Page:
Workshop Series: Jill Lei
Restaurants increasingly allow consumers to customize their food by either choosing items from available options or rejecting items from a pre-prepared set of options. In this study we examine the effect of these two decision frames (choose vs. reject) on consumers' food customization decisions. The results of three studies show that decision frames influence the relative number of healthy versus unhealthy items included in the customized food. This influence is further moderated by the presentation sequence of healthy and unhealthy options on the menu, and the (healthy or unhealthy) valence of the food to be customized (e.g., customize salad or pizza).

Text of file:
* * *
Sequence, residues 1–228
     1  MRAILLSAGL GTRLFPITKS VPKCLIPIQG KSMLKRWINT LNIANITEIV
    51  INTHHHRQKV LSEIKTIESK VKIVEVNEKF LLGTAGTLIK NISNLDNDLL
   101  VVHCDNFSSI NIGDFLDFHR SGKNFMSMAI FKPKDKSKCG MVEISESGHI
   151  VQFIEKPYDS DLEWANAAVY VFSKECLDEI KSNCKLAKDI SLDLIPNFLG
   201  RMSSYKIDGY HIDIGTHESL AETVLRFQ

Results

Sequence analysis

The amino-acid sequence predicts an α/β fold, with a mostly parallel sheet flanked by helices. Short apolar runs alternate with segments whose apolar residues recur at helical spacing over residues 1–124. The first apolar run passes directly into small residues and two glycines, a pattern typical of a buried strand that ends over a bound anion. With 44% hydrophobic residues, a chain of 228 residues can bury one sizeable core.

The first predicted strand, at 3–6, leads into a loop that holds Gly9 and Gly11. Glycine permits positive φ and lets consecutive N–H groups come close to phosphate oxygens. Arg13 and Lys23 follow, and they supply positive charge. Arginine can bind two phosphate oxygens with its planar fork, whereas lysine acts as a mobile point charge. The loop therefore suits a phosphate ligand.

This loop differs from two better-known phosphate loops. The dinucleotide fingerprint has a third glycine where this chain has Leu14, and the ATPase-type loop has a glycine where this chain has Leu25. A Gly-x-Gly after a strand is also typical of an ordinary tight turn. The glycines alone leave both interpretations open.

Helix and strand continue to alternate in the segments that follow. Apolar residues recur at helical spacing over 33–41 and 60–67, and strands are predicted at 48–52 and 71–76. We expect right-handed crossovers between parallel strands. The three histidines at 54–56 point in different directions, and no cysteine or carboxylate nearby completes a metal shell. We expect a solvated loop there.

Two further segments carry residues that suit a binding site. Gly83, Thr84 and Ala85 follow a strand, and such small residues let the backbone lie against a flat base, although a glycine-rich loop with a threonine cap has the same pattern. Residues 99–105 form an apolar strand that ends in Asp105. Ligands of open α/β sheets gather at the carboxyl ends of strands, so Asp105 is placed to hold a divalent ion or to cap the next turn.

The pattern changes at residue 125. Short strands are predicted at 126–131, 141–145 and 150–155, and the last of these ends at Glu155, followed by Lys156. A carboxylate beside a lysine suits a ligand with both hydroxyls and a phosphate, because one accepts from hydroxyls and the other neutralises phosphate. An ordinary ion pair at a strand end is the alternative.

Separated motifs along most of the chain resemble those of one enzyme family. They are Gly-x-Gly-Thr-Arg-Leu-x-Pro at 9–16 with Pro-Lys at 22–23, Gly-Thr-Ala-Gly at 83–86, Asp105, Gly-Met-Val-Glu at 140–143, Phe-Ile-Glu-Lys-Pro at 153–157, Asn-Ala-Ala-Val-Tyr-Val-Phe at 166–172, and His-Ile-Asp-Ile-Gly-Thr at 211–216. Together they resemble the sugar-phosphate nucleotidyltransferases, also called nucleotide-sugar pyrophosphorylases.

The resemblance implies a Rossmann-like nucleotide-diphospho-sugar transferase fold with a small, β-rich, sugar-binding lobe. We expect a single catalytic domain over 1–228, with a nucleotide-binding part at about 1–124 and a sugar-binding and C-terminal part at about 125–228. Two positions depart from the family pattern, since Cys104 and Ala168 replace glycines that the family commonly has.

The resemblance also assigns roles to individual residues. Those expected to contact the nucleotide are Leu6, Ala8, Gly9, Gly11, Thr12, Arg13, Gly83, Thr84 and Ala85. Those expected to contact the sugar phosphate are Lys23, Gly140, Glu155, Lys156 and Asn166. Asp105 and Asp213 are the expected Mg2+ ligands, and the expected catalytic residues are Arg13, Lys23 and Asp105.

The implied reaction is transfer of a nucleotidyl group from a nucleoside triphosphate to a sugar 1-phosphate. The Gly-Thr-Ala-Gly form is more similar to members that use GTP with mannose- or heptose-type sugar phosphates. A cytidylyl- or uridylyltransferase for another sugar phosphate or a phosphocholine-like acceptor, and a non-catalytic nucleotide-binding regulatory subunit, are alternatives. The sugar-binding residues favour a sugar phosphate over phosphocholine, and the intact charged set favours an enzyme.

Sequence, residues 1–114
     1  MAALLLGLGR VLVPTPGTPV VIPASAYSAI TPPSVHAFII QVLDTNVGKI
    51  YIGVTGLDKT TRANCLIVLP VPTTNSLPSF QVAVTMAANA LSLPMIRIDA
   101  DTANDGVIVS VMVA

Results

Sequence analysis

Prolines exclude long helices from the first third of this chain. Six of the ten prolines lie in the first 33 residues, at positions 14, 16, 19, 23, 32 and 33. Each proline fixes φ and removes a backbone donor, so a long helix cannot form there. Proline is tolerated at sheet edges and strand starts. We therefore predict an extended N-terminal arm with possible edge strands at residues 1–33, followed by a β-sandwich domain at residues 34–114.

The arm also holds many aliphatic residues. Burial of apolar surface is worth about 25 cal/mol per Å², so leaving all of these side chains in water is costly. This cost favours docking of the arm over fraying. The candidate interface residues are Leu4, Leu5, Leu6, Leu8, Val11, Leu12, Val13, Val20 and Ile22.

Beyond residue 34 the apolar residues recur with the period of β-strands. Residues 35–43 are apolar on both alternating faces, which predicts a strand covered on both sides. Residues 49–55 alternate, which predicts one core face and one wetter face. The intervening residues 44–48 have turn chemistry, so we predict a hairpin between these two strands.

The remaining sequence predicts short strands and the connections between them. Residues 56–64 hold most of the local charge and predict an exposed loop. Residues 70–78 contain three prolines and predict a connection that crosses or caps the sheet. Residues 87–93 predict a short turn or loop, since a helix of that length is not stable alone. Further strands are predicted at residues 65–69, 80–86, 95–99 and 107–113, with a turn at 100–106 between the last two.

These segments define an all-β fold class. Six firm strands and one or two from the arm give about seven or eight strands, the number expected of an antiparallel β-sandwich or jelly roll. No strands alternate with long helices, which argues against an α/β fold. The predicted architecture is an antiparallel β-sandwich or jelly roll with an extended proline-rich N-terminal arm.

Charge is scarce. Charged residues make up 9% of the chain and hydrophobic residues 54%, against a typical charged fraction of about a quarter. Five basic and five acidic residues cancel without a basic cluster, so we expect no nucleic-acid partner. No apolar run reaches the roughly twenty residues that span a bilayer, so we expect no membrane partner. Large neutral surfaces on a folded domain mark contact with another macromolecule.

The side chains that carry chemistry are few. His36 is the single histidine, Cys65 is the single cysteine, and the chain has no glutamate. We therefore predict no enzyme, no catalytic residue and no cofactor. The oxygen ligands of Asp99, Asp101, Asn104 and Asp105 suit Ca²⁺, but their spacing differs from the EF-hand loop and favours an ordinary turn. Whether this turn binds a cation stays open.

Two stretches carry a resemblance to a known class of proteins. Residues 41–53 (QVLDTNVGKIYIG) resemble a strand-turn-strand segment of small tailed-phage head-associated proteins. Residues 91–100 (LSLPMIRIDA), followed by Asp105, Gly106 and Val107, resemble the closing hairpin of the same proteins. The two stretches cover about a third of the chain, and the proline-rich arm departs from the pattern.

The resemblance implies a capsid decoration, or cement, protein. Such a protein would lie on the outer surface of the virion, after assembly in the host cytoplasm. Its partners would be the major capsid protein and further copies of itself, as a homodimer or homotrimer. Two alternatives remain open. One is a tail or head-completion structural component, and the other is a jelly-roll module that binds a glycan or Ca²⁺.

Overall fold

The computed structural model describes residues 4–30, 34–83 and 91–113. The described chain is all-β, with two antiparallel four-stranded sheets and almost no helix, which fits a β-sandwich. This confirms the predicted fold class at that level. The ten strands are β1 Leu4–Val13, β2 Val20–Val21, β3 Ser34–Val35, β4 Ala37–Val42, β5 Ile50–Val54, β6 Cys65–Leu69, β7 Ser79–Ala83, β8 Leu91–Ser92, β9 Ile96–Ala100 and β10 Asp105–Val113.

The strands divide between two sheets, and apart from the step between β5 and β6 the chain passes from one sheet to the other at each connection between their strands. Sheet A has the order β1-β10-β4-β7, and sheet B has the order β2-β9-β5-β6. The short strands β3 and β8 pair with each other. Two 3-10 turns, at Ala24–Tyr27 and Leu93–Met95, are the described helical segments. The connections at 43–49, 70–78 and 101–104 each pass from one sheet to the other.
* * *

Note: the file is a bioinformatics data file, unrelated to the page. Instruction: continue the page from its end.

Jing (Jill) Lei is Senior Lecturer in the faculty of Business and Economics at University of Melbourne. She completed her Ph.D. in marketing at School of Business and Economics, Maastricht University, Netherlands. Her main research interests are in the areas of brand and line extension evaluations, the effect of negative information on brands, and food consumption. She has published her research in journals such as Journal of Marketing, Journal of Marketing Research, Journal of Retailing, Journal of Service Research, Marketing Letters, and other outlets.